PROVO — It wasn't their church, but on this Saturday, members of the LDS Church's Lakeside 7th Ward and Lakeside 10th Ward treated it as if it were. It was about serving their common man and being good neighbors.
It was also about turning a tragic event into a bonding experience between LDS faithful and members of the Provo Community United Church of Christ.
When flames destroyed the Provo Tabernacle last December, it looked as if events planned for the National Day of Prayer would not happen. "When the tabernacle burned down, we offered to help open our facilities," said the Rev. Daniel Haas.
LDS member May Baum spent part of her Saturday taming the hedges in front of the community church. She said he was having fun giving back in the form of service.
"We just thought we'd repay the favor," Baum said.
Members from the two wards worked shoulder-to-shoulder with Community United members, repairing windows and light fixtures, painting, and doing general cleaning and yard work.
LDS members were also responding to a challenge President Henry B. Eyring, First Counselor in the First Presidency, set for members to perform a "day of service" in celebration of the 75th anniversary of the LDS Church's welfare program.
"I believe that we are all children of our Heavenly Father and that we need to all work together, no matter what, to do our best to serve, and to serve our fellow man," said Bishop Steve Bjornberg of the Lakeside 7th Ward.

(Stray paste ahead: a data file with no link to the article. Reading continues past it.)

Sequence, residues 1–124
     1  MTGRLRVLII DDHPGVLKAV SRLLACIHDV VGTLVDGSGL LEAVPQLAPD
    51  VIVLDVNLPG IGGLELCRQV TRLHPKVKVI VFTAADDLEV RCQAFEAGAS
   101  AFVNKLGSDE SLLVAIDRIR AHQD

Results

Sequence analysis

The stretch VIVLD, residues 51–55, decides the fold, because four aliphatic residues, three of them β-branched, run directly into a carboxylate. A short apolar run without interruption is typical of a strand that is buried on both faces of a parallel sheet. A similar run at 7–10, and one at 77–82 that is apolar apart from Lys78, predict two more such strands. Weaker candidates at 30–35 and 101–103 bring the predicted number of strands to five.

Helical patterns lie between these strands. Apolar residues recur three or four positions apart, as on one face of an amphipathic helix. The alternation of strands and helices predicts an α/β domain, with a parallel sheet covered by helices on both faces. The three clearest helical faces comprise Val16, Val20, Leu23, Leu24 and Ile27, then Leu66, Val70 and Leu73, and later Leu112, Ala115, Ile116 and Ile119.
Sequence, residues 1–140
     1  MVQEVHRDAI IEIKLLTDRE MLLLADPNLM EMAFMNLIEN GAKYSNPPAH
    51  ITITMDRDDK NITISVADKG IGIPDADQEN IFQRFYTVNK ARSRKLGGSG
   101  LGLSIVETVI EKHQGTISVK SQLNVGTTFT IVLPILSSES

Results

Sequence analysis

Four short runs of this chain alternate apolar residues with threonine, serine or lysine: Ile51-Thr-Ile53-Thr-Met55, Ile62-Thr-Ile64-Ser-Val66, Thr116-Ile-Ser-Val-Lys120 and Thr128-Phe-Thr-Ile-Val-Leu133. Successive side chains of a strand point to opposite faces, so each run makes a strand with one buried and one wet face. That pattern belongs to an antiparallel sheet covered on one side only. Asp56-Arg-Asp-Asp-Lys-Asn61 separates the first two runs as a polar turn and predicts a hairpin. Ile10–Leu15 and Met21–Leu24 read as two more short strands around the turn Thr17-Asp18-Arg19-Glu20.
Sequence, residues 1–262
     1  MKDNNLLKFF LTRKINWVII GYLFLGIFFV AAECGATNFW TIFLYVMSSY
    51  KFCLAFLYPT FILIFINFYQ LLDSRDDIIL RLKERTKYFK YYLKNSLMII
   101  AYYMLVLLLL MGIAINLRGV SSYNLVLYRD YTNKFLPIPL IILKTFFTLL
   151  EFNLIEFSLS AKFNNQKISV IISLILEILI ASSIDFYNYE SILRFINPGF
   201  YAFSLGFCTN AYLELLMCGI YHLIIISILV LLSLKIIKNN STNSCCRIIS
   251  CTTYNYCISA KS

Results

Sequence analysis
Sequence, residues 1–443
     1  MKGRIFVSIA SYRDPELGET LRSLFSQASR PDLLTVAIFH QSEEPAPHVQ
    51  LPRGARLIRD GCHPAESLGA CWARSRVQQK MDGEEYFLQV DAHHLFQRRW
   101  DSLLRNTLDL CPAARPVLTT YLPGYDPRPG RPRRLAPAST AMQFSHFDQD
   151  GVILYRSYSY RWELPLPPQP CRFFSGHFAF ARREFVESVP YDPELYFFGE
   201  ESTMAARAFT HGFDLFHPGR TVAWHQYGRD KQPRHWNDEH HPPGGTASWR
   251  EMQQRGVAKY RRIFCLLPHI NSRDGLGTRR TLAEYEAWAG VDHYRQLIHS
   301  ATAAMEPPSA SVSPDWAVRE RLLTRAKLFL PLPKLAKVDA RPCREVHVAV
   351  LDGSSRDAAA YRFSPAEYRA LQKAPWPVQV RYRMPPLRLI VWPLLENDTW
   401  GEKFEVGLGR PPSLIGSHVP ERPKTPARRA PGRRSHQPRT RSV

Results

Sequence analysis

Bjornberg said members of Community United have been good neighbors and that members from both churches have worked on many community projects in the past.
Haas said the hammering and repair work going on reminded him of Christ's training as a carpenter. With a church that is 104 years old, the building needed a little love. Haas said his congregation has been in Provo for 120 years.
"It feels good to help them," said 11-year-old LDS member Zach Gorski, who sacrificed a sunny summer Saturday to help scrape old paint off the building while balancing on a ladder.
LDS member Heather McGriff helped with painting. She worked on an interior door that was removed and laid out on the grass. "It doesn't matter which religion you are, if you need any help I believe in helping people," she said.
Carol Menasian, Community United council moderator, said she was touched by the gesture. "They've been wonderful out here donating their time," she said. She was particularly impressed by the clean windows. "The window are so clean I can't tell if they're open or closed!"
Haas said ward members have spent three days helping fix his church and clean things up. He anticipates his church will continue to build a strong relationship with its LDS neighbors.